(ORDO NEWS) — Archaeologists managed to find evidence that not only men, but also women took part in gladiatorial battles. Experts noted that they fought both among themselves and with a variety of wild animals.
The Roman poet Decimus Junius Juvenal noted in his notes that women trained on an equal footing with men, used the same weapons and used the same teaching methods. At the same time, no information about the school, which was intended for female gladiators, has survived.
Reported by HeritageDaily.
Such fights were arranged only for the upper class spectators. If ordinary women appeared in the arena, then the Romans practically did not care about their actions. Such female gladiators, as a rule, became a cause of contempt in society.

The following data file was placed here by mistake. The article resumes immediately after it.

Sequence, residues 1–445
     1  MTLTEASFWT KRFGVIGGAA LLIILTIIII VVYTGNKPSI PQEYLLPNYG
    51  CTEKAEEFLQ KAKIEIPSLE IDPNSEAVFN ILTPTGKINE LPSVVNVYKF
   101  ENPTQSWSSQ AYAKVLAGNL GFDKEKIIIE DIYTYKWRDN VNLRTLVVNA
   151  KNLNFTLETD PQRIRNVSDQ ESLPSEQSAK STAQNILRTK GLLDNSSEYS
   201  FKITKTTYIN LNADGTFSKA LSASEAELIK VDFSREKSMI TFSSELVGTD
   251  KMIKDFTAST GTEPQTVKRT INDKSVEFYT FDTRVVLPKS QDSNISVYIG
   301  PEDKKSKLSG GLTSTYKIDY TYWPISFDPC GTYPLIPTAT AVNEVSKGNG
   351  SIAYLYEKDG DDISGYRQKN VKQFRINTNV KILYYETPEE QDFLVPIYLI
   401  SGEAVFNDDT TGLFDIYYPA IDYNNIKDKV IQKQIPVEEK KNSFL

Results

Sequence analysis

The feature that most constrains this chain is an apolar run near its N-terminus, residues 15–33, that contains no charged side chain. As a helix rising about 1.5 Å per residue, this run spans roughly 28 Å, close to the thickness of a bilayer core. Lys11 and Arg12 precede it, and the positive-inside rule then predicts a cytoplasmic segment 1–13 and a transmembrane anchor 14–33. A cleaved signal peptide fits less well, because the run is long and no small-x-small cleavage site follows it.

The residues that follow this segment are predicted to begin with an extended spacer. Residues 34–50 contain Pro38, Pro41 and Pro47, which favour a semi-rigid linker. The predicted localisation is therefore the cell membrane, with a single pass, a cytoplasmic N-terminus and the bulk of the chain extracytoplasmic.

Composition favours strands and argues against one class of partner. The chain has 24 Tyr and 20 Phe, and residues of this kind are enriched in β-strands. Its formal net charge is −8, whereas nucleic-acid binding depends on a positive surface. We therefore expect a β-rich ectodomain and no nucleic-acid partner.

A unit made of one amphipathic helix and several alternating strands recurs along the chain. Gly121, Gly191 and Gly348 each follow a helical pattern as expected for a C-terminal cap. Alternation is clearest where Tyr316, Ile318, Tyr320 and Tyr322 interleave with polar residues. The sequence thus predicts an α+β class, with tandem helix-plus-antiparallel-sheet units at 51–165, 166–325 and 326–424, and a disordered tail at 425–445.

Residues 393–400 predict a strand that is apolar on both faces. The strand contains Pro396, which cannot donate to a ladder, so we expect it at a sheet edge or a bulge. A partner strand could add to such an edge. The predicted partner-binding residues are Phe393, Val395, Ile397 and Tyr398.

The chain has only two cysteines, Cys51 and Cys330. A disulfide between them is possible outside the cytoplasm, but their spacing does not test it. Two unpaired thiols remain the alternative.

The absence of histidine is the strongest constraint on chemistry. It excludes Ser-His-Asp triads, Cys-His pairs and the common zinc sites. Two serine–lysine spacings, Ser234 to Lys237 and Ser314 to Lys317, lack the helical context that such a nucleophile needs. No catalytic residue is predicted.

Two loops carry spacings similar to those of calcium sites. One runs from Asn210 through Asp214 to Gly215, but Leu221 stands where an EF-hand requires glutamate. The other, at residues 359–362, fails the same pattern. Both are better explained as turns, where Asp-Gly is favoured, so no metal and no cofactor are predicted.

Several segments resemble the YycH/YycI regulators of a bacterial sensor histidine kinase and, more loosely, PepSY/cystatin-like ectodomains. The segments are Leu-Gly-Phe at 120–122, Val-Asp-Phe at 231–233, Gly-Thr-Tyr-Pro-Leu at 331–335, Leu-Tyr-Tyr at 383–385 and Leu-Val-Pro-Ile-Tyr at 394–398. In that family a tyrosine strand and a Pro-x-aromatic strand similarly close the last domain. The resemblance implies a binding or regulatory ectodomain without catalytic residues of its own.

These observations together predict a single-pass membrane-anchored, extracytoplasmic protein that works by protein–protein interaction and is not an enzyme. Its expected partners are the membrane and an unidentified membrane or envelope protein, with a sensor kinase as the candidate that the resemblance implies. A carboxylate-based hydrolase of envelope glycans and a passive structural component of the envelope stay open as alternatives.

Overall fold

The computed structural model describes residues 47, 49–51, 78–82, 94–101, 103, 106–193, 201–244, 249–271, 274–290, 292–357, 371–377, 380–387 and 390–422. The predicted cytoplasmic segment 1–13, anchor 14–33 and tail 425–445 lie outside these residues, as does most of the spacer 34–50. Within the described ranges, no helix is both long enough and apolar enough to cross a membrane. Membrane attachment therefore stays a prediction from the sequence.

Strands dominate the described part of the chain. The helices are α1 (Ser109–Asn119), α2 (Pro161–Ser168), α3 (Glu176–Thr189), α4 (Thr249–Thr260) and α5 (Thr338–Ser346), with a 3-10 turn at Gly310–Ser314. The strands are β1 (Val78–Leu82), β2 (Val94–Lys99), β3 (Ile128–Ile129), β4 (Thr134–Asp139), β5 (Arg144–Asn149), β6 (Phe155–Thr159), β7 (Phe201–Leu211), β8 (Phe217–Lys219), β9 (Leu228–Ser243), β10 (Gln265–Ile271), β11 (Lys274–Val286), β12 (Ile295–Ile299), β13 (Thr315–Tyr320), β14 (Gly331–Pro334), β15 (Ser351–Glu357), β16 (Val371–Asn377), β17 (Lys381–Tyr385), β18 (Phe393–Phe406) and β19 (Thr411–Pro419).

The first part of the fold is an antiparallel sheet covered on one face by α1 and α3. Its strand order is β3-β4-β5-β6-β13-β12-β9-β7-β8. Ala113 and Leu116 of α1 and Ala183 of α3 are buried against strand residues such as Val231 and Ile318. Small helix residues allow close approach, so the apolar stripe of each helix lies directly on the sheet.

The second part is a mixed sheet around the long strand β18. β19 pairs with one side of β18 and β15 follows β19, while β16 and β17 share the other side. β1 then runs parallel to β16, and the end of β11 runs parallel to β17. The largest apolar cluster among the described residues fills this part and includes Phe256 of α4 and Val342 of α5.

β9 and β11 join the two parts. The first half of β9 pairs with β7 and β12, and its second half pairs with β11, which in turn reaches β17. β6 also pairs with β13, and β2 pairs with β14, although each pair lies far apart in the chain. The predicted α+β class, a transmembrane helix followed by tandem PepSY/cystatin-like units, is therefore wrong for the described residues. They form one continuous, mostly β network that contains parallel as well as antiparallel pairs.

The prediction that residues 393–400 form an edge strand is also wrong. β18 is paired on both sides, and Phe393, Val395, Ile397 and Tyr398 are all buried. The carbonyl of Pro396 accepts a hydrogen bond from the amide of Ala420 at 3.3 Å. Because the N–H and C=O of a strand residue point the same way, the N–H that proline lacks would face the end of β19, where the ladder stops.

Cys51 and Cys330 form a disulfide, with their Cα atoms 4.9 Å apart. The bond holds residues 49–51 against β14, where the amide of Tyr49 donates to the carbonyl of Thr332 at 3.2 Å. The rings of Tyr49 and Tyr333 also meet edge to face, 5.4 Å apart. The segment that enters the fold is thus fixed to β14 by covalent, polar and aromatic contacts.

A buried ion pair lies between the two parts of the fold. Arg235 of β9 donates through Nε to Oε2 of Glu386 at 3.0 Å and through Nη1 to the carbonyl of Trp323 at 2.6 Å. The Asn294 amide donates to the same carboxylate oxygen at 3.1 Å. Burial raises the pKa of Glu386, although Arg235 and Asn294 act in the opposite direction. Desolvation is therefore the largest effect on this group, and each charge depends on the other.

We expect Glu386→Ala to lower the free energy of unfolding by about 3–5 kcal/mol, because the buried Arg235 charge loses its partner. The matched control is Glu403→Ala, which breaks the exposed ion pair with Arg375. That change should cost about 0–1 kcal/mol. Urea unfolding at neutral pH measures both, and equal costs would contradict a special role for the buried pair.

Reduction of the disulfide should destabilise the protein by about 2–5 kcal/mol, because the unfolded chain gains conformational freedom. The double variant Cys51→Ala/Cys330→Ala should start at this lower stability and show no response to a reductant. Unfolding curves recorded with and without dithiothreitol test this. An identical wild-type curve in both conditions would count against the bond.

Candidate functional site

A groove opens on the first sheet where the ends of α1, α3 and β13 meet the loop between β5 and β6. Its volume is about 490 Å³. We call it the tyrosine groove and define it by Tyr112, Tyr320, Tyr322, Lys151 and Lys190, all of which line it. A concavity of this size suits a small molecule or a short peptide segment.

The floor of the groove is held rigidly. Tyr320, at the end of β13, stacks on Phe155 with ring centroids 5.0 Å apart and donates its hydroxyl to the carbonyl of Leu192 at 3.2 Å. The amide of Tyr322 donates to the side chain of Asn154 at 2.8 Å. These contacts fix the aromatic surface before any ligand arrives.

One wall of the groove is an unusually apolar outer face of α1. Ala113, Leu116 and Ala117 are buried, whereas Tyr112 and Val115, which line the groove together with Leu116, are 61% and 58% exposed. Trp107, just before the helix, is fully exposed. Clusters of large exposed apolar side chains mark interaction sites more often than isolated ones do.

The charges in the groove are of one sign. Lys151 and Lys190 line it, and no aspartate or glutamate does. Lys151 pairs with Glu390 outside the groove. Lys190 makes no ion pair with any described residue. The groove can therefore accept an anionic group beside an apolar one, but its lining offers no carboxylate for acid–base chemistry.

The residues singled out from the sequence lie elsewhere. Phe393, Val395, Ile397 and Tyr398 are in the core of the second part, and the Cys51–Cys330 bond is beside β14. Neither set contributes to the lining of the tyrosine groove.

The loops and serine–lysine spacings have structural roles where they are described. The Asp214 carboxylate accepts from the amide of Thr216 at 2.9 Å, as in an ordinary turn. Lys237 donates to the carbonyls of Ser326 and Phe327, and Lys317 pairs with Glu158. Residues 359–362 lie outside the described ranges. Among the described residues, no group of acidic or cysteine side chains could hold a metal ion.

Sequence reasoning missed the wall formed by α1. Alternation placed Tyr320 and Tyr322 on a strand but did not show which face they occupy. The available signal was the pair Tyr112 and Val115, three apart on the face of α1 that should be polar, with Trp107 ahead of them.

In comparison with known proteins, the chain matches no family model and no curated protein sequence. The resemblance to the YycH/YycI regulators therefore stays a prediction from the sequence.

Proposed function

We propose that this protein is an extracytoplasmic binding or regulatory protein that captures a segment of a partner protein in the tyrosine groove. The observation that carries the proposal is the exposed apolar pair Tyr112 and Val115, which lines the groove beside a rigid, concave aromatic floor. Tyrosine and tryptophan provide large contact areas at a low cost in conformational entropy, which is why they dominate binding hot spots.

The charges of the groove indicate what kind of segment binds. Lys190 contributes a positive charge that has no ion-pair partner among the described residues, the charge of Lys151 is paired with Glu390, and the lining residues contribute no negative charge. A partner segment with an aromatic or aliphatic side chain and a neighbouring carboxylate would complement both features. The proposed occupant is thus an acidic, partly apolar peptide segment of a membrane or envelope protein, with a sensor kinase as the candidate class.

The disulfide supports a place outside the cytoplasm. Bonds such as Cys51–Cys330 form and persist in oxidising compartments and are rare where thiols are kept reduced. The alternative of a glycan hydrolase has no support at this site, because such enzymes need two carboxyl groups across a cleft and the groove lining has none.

They were called mulieres and numerous proofs of their existence, as well as information about training and playing in the arena, were found in the inscriptions of Ostia Antica. Fights of this type were very common in the 2nd century AD.
The chronicler Cassius Dio also left some mentions of the festival, which was held in honor of the mother of the emperor Nero. During the celebration, women “rode horses, fought wild animals and fought just like real gladiators.” Some did it completely voluntarily, while others only under duress.
If we talk about the artifacts discovered, then in London, experts unearthed a rather complex funeral pyre, in which there were many oil lamps from special burial implements. A dead gladiator was painted on one of the lamps, and the remains of the bones belonged to a woman who at the time of her death was no more than 20 years old.
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